As you know from previous posts, our Siberian Husky Roxy is the family sheep. We harvest her undercoat and use it to spin yarn and weave hats and scarves. In case you haven’t seen what it is like when a Husky blows their coat, the video below will give you a taste of the experience.
Spinning with a spinning wheel originally dates back to around the 11th century. Here at Suburban Stone Age, it dates back to last month. After 120 agonizing days spinning with a drop spindle in 2010, I swore the next time I’d make yarn I’d be doing it with a spinning wheel. Four years later, that has finally come true. Meet my first spinning wheel; the Babe’s Pinkie Double Treadle wheel. Continue reading “(VIDEO) Spinning with the Babe’s Pinkie Spinning Wheel” »
When camping for the weekend, I love to take the opportunity to practice survival skills. This weekend I was testing out how to build a fire with flint and steel. This technique dates back to the Iron Age, and is still incredibly effective today. Find out how to use flint and steel, along with what works and what doesn’t.
Let’s face it… a greenhouse in Southern California isn’t *really* necessary.
True, it’s great for starting seeds in the spring. But in summer it gets as hot as the surface of the sun, and in winter it stays only a few degrees above freezing. Because I don’t do a lot of container gardening, the greenhouse has been standing idle most of the year because the temperature extremes make it unlivable.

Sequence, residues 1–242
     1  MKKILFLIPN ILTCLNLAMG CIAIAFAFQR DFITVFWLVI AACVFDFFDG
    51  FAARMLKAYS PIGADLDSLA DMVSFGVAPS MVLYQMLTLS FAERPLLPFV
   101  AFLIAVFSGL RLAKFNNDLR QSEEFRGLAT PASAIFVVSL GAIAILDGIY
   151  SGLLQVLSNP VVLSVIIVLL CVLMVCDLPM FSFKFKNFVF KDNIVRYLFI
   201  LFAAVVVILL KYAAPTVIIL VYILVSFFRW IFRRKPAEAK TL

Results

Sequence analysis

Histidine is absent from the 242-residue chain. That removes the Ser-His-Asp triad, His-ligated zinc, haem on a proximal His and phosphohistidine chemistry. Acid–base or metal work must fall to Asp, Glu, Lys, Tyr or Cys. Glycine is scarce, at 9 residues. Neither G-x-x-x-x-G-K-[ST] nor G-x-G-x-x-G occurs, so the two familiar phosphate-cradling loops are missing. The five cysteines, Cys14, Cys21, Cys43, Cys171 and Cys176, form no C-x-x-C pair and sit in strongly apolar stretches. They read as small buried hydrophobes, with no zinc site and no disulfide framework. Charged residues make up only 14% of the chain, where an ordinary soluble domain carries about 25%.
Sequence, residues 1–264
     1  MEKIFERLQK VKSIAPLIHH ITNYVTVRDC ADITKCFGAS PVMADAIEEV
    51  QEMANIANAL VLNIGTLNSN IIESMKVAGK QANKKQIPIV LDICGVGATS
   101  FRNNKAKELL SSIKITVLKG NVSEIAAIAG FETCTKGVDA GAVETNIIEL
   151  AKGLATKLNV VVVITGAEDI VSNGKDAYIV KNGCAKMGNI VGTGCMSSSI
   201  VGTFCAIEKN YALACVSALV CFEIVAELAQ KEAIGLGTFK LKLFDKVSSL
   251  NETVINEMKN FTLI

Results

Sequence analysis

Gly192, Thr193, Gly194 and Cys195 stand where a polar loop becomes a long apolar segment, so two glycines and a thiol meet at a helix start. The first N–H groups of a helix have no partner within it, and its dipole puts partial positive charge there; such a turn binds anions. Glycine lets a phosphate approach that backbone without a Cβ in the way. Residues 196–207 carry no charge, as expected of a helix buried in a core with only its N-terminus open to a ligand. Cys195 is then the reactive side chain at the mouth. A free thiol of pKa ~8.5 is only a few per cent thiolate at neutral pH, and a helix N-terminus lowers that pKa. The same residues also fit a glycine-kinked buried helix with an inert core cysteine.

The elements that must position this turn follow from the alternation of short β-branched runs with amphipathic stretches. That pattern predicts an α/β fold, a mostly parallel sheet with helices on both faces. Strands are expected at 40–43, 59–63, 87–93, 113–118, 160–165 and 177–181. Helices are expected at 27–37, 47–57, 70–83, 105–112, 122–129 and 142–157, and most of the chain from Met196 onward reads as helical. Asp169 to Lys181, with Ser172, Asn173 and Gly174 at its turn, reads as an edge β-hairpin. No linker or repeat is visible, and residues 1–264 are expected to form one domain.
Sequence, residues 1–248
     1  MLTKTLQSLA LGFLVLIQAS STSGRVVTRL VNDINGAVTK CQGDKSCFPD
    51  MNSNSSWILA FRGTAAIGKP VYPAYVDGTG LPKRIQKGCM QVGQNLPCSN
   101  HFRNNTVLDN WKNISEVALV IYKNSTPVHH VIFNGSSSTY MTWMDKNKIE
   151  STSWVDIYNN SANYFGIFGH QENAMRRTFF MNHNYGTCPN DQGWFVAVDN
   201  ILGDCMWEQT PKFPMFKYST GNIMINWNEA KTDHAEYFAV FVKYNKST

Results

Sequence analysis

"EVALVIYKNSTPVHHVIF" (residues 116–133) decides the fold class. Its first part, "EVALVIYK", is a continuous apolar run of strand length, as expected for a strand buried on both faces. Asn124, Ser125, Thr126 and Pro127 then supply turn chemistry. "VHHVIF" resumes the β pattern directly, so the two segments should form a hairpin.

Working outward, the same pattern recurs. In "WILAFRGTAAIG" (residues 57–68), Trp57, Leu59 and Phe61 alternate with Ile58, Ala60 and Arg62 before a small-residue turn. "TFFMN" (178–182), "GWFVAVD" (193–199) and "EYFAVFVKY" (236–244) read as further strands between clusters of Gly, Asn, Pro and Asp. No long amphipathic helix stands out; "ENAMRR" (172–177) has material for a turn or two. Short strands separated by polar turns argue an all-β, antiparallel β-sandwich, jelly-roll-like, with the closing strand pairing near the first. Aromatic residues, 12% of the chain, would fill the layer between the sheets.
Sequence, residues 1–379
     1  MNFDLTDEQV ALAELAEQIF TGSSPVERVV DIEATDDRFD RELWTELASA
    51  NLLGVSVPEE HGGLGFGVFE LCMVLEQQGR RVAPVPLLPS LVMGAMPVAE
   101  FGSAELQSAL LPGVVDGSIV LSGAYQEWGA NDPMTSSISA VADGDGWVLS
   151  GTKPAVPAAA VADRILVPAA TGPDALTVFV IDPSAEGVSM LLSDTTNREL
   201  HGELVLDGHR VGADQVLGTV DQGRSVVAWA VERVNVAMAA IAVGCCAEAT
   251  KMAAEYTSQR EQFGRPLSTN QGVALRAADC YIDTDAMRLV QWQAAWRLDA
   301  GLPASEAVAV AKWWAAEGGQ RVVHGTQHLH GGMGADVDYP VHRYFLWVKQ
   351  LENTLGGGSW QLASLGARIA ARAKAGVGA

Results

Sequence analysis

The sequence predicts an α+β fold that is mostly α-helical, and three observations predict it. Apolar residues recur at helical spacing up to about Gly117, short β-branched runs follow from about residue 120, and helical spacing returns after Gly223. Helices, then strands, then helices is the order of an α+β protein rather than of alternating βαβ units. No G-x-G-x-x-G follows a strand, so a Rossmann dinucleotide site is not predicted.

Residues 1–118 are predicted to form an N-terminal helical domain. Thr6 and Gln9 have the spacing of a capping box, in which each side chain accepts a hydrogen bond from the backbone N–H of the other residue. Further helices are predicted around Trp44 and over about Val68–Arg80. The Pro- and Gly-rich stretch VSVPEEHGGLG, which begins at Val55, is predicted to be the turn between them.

Today, I fixed that. Hating that valuable space was being wasted, I made some adjustments and rededicated the greenhouse to going tropical. I added shade cloth to cut down on the blasting heat, and brought electricity into the greenhouse so I could run an aquarium and a fan. The aquarium is for heat and humidity (I repurposed my son’s unused 12 gallon tank), and the fan is to keep the air circulating. By the end of the day, things were running smoothly and I must say it was quite nice in there.
My tropicals that have been overwintering inside will like it a lot, I feel. And now I have a new microclimate to explore, which opens up a whole new world of plants to play with. As the greenhouse evolves, I’ll keep you posted, but so far, it’s a winner!
Cover crops are plants that are grown not for the food they produce, but for other beneficial work they do. Also know as “living mulches” or “green manure”, a cover crop is an essential part of sustainable agriculture. Cover crops help bridge the gap between removing matter from the field in the form of the harvest, and returning or conserving matter in the field by returning biomass, nutrients, and offering protection for existing topsoils. Continue reading “Cover Crops For The Home Garden” »
The monarch butterfly is one of the most beloved and widely recognized butterflies in the world. Its vivid orange and black wings make it easy to recognize. The monarch butterfly and its beauty have come to represent butterflies and conservation issues everywhere.
The benefits of adding compost to your garden are well known. There are many devices you can buy to help you process a moderate amount of compost. But if you are looking for an inexpensive way to make your own compost bin that is ideal for making larger batches of compost, a straw bale compost bin might be for you. Continue reading “How to Make Your Own Compost Bin With Straw Bales” »